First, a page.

Consider this my first entry in an attempt to get back to an actual "jam of the day", as in a daily sharing of a jam. I played The Eternal on my mini-speakers in my bathroom while showering earlier this evening. Usually, I play something upbeat and poppy that I can sing along to (or at least try to, before realizing I can't sing at all) but this time I felt like something more ... I don't know, sprawling, less "sing-songy". I picked Sonic Youth's latest studio LP because I can kinda sing along to some of it, like "Sacred Trixster", but also because it would be fun to blare in a tiny, tiled room. I definitely belted out the verses of the pop-punk speed-ride of "Sacred Trixster" and did my best to mirror Kim Gordon's husky "uh uh uh uh" during "Anti-Orgasm", then struggled with the lyrics to "Leaky Lifeboat" (I haven't quite picked those up yet) but then "Antenna" came on and I pretty much blissed out while rinsing out the conditioner from my lengthy locks. It's not often that a song comes along and stops you in your tracks. In particular, I thought back to watching Sonic Youth play some of these songs for a Pitchfork.tv session a couple years ago when the album came out. I remembered the way that Thurston Moore alternates some foot pedals during the "uh huh -- uh huh" part of "Sacred Trixster" and mimicked that part with my feet. I remembered the overhead view of Steve Shelley's drum parts during "What We Know" and the way Lee Ranaldo leans back during the rising guitar riffs and then leans back into the mic to sing. (Yeah, I really like that song. A lot.) And then I thought of "Antenna" when it came on my iPod. The album version of the song is 6+ minutes, stretching out some noisy guitar effects over a lovely melody, with slow crescendos and plaintive singing all about ... the effect of technology on society? The inevitable singularity? The disconnect between human contact and intercontinental communication? Hard to say. What I can say, though, is that this song is a true jam. It has the ability to steal my thoughts away and wedge my mind into the spaces between the notes and carry me along the undulating sound waves to wherever they're going. And then I'm back where I started, sitting here at my kitchen table with headphones on. And then the journey starts all over again.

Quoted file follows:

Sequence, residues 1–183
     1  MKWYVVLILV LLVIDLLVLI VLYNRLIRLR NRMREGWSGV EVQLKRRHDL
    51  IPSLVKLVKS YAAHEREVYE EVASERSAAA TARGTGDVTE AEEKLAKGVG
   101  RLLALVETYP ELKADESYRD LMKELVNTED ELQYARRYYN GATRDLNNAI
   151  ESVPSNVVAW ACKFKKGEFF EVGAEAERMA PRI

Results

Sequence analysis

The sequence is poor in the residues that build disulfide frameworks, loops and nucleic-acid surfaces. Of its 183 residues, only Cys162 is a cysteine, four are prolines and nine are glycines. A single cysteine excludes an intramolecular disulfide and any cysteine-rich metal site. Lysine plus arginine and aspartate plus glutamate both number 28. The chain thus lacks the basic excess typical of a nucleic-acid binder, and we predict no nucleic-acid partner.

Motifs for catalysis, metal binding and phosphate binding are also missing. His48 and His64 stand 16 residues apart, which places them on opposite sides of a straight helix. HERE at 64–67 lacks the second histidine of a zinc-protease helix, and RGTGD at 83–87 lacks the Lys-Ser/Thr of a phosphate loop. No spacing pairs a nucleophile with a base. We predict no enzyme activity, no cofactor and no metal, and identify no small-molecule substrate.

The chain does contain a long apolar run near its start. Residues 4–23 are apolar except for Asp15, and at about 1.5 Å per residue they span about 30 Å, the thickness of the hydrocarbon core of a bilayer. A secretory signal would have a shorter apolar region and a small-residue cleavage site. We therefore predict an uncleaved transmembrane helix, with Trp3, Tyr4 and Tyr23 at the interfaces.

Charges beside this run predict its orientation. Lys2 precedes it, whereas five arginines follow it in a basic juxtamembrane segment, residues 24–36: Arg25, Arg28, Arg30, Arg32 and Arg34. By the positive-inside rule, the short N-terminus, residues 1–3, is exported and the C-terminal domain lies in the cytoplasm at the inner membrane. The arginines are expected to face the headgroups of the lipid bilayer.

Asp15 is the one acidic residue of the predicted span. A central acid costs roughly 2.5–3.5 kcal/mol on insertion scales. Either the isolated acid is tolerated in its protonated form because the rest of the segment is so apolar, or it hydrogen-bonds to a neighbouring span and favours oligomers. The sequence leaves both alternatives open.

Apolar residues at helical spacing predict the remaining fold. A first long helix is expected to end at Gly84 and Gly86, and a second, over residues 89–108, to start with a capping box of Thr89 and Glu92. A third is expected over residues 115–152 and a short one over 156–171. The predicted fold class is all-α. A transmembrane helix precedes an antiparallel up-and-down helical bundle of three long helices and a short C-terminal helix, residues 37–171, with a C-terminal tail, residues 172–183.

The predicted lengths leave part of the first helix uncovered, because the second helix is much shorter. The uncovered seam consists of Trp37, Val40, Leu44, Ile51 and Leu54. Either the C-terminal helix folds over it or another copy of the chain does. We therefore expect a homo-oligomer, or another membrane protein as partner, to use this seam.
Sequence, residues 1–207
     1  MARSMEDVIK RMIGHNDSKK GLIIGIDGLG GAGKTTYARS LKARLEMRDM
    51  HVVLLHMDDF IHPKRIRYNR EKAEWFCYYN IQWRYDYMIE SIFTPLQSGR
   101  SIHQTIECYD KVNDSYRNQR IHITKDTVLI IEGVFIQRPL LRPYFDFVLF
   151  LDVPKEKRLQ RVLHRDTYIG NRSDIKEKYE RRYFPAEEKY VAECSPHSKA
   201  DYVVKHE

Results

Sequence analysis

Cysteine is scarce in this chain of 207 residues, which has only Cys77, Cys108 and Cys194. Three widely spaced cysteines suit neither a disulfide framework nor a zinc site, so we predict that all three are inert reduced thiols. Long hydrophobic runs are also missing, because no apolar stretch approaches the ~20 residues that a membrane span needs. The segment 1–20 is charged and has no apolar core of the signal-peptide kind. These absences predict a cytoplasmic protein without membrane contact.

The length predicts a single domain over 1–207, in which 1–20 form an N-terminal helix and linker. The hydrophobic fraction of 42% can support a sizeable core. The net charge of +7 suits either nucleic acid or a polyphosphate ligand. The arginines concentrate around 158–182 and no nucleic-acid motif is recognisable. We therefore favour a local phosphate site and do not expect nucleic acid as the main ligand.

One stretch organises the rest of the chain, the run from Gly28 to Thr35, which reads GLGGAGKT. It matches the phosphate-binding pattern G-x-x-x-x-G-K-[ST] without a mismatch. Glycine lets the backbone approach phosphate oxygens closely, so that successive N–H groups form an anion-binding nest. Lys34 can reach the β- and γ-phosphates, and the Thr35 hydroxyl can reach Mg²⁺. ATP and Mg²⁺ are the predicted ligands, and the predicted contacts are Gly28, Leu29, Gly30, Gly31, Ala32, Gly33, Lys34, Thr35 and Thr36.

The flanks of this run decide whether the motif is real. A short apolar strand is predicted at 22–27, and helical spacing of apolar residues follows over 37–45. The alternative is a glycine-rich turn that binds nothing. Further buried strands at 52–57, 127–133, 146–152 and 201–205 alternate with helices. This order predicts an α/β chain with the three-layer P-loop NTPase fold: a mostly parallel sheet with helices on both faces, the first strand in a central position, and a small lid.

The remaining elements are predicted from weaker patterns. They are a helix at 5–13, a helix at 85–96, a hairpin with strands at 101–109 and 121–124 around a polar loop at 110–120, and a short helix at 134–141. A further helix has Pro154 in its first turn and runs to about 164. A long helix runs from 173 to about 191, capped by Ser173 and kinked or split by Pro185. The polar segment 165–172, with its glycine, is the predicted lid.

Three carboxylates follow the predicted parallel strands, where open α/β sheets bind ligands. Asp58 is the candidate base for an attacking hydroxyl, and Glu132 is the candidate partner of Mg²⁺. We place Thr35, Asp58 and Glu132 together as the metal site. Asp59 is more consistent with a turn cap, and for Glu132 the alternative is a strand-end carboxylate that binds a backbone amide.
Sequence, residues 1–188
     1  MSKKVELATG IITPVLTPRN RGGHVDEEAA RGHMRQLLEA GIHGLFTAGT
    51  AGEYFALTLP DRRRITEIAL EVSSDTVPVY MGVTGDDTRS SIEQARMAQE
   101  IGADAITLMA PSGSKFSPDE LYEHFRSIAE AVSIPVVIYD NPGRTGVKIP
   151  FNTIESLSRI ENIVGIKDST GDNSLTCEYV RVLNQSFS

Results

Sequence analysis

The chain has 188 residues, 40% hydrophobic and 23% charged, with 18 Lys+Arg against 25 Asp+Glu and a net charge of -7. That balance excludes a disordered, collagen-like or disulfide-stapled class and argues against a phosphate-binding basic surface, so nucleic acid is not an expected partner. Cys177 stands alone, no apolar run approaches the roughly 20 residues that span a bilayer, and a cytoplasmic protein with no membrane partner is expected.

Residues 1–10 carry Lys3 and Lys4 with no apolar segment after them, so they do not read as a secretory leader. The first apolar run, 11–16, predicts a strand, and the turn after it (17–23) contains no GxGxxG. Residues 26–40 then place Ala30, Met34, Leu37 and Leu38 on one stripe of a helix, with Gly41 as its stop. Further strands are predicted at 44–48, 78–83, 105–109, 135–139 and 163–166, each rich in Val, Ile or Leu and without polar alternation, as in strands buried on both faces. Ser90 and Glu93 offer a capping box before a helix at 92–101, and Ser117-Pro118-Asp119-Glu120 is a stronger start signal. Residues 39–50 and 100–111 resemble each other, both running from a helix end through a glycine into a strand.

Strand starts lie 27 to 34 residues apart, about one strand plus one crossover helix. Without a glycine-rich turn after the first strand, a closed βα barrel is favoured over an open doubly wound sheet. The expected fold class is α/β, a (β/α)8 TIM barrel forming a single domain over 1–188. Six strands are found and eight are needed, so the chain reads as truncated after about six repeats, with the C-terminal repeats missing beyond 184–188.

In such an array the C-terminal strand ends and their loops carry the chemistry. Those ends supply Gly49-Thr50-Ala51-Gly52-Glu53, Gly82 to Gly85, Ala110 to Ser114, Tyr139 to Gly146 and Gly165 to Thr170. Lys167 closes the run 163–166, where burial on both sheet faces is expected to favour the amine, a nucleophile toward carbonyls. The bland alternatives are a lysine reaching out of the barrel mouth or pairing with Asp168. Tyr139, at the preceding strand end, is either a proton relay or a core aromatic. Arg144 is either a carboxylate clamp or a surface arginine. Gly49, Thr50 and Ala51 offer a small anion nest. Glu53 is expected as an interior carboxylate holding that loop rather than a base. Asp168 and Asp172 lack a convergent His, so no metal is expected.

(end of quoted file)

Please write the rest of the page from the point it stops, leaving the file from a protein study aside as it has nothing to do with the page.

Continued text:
Buy The Eternal: Matador Records / SYR Store / Insound / Amazon / iTunes

Friday, June 17, 2011

Upcoming concerts: R Stevie Moore, Milk Music, and Mind Cure Records anniversary sale

There are some interesting shows going on tomorrow night, as well as a fantastic music appreciation event going on during the day. I'm still trying to decide where to go in the evening, but for sure during the day you'll find me scouring the racks at Mind Cure Records in Polish Hill. This little gem on the third floor of a building on Dobson Street has been around for just about one whole year, and they've decided to celebrate that occasion by putting out a ton of used vinyl that usually wouldn't be for sale AND knocking 15% off all prices. Hot dog!